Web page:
Interview: Natalia Leite and Leah McKendrick’s M.F.A.

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Film Editor Sergio Zaciu got on the phone with director Natalia Leite and screenwriter/actress Leah McKendrick to discuss their latest film, M.F.A. A harrowing and topical inversion of the rape-revenge exploitation film, their indie outing dares to open up the dialogue on campus rape by framing its thriller trappings around the tragic, emotional backdrop of a pressing social issue. Shot on a shoestring budget on the Chapman University campus, M.F.A played at 2017’s SXSW film festival, and marks a fascinating entry into the horror canon, doubly so for its brilliant, DIY, lo-fi filmmaking.

Natalia and Leah, thank you so much for joining me.

N.L.: Of course!

I’m sure you’re going to talk with countless interviewers about what you’re trying to say with your film, especially because it’s so topical. So what I wanted to do instead was focus on the actual production of such a low budget endeavor.

N.L.: Okay, cool!

You guys just basically went for it and made a movie, which is super impressive. So my biggest question is how you convinced yourself that you can just go out and make a movie!

N.L.: [Laughs] Thanks. Well this isn’t my first film, I had made another feature [2015’s BARE] and Leah had made web shows that won awards. We made short films, done documentary stuff. You know, we felt prepared since we had been doing it for a while. Of course working on a low budget is really tricky, but you just have to work with the cards you’re dealt and learn how to adapt. You gotta ask for favors and not get stuck, that kind of thing. That’s part of the journey for us.

Leah, this is more for you. Since you come from an acting background, what was it like separating yourself from being an actor IN the film and just making a GOOD film first and foremost?

L.M.: Honestly, that balance is a lot easier than balancing being an actor and a producer.

So what was that like?

L.M.: It was really tough. When you’re at such a low budget you have so many fires you always have to put out and you never have enough time and stay on schedule. As an actor you don’t have to deal with that kind of stuff, you just want to be present in your world and become your character. As a writer, it’s a very creative process and somewhat of an independent experience that the director can guide you on.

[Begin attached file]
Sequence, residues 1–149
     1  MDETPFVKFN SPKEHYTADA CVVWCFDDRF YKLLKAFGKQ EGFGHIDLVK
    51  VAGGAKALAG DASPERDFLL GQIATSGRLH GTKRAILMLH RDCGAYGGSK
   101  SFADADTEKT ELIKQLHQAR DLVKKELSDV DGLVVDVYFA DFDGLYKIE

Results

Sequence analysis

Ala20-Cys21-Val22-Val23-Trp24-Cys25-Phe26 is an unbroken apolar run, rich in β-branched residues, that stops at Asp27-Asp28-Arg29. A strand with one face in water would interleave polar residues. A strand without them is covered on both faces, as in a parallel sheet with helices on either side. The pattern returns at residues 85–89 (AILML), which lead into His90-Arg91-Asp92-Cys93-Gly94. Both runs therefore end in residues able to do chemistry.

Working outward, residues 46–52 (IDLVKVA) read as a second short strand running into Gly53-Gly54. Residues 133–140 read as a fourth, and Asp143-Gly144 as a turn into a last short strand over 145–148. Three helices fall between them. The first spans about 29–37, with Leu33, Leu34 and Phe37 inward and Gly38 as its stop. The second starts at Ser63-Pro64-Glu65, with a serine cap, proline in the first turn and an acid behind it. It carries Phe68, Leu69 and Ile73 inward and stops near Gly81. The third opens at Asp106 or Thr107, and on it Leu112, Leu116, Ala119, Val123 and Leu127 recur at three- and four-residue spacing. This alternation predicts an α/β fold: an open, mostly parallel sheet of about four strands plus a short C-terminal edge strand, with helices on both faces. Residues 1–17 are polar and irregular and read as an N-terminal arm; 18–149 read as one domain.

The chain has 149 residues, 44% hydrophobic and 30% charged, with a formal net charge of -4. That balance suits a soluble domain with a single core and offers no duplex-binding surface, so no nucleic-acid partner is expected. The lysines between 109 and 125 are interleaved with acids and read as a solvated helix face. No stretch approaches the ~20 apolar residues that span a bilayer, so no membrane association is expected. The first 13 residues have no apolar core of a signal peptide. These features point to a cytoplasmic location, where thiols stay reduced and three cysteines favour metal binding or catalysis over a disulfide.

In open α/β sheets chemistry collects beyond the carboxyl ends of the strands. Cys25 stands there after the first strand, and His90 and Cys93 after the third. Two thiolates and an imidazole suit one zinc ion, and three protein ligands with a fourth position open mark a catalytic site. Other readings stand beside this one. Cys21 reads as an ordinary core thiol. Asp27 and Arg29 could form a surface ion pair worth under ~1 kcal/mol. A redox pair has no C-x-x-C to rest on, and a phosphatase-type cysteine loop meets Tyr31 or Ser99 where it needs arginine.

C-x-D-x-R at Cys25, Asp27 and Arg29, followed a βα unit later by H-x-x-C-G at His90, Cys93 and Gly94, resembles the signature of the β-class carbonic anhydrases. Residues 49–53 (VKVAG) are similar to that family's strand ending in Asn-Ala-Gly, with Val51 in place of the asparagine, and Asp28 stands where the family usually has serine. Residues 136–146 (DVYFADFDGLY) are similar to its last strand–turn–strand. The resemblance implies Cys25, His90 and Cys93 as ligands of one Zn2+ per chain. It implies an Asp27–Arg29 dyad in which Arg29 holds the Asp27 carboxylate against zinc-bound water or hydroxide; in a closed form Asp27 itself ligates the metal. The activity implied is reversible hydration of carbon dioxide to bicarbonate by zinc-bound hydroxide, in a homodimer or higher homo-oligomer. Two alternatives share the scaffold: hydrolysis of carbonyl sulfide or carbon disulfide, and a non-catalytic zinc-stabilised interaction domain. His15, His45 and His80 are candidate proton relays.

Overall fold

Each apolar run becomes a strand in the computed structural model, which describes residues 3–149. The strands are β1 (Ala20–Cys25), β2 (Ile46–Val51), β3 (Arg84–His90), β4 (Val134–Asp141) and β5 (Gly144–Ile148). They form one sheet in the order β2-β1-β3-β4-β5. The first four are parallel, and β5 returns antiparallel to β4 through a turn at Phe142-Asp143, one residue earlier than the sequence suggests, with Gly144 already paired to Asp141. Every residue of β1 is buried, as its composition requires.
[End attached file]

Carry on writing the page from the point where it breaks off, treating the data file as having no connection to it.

Do you think there was ever a time when you thought this movie was never going to get made in the producer’s shoes?

L.M.: Every day. You know there were things like a lead actor pulling out the day before, money not coming in when it was supposed to, locations falling through because of schedules being changed, our truck crashing into a parked car. I mean . . . life just happens. Honestly, I don’t know if I would recommend to people to do what we did. [Laughs] But I guess that’s the beauty of filmmaking, is that it starts as one person’s wild dream and it just grows and grows and grows until at a certain point it’s like a moving train that’s going to go with or without me. If it would have all been under my control I might have called the whole thing off. But that’s the beauty of it!

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Image Courtesy of Natalia Leite and Leah McKendrick

So how did you come on board to direct the project, Natalia?

N.L.: Leah had seen my previous work. She was really looking for a female director; this project really had to be done by a female director. We chatted a bit about it and then I came out and met her. It just seemed like a really awesome fit. You never know with a film project, but with us, we really became friends. The collaboration was incredible and we really supported each other every step of the way. The film became a merger of both our ideas. There was no ego and nothing went wrong so I’m really grateful I was brought on board.

How did you go about financing the project?

L.M.: We had private investors. In fact, let me tell you a little bit about this, because I would read articles in hopes of figuring this out and they’d never provide answers, which would really piss me off. What I did was ready everything I could find and get coffee with everyone who had already done it. Everyone talks about it like it’s a thing but nobody has answers, so I asked people I could trust. A lot of people said, “Go to your hometown. If you’re from Iowa, tell the local business owners that you’re making a movie and ask if they’d want to invest in a film. Tell your family, tell your neighbors. Find everyone who has never considered investing in a film and get them interested. Contact every group you’re part of. Fraternities, sororities, clubs, help groups, whatever.” I was also told that someone who didn’t know me would never invest in my project. And that would be [somewhat] true. I sent out 200 cold emails to production companies that were female-owned and nobody responded except one of my biggest investors. I put my own money in and Natalia came with people who would support her. Once I believed that my script was good enough I told everybody. And things happened. People came out of the woodwork. It’s really an important thing if you don’t have all your money, but the magic is that investors begin to realize that something is going to happen with or without them, at which point they begin to be interested in putting down money. I really don’t like believing that I’ll just write this great screenplay and someone will just swoop in and take me under their wing. I mean, that happens, but not very often, so I set out to do it myself. I might not be able to pitch my film to a studio, but I can do the same thing to private investors.